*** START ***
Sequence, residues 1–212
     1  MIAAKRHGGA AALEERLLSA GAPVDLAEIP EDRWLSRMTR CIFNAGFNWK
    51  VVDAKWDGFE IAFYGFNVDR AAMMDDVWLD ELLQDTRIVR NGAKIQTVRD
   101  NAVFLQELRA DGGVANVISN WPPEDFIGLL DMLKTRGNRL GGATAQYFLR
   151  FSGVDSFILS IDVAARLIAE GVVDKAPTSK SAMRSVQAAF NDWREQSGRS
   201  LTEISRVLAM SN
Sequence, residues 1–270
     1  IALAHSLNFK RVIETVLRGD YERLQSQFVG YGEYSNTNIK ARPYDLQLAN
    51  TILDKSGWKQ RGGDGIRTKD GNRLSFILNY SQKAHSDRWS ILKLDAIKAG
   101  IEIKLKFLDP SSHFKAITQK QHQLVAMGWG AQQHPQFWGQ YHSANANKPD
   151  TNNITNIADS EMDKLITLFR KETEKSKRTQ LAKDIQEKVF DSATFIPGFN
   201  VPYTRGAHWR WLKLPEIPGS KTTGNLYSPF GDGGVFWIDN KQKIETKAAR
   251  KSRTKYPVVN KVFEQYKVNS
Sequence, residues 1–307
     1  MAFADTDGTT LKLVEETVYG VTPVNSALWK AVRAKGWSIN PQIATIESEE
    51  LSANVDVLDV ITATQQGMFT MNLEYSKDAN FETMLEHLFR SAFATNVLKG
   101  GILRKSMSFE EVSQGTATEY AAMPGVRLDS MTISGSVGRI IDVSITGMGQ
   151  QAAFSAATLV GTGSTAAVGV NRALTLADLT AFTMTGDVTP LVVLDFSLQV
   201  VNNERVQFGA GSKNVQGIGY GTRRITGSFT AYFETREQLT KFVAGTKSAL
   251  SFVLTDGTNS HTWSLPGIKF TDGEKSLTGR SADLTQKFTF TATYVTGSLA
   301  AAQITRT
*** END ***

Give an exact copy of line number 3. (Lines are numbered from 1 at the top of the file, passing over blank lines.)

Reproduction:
    51  VVDAKWDGFE IAFYGFNVDR AAMMDDVWLD ELLQDTRIVR NGAKIQTVRD